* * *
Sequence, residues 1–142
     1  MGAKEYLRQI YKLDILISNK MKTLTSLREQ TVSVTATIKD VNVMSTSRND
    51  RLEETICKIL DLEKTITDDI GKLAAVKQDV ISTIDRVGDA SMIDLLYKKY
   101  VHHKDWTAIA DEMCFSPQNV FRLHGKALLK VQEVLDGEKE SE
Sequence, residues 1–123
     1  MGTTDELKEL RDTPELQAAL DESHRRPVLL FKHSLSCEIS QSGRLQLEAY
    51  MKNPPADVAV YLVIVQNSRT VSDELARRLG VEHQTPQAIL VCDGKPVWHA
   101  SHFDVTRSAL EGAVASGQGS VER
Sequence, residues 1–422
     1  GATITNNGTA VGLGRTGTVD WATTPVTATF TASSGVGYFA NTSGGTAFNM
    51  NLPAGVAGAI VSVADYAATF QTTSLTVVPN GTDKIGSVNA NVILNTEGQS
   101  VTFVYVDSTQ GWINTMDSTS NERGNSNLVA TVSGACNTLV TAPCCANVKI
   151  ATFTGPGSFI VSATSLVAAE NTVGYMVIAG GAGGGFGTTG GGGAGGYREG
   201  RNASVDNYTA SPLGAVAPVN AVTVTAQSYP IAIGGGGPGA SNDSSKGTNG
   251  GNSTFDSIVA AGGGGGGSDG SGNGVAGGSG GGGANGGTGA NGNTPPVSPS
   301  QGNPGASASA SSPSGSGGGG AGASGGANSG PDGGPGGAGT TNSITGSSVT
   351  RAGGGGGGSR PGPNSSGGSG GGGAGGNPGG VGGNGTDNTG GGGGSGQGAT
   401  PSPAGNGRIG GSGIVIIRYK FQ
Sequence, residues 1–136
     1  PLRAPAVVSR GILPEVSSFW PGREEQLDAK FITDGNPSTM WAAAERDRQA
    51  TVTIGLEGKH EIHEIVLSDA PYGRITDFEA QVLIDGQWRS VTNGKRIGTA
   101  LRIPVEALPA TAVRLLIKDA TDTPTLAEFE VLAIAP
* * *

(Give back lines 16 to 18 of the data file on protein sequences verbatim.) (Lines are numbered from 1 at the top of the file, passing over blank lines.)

   301  QGNPGASASA SSPSGSGGGG AGASGGANSG PDGGPGGAGT TNSITGSSVT
   351  RAGGGGGGSR PGPNSSGGSG GGGAGGNPGG VGGNGTDNTG GGGGSGQGAT
   401  PSPAGNGRIG GSGIVIIRYK FQ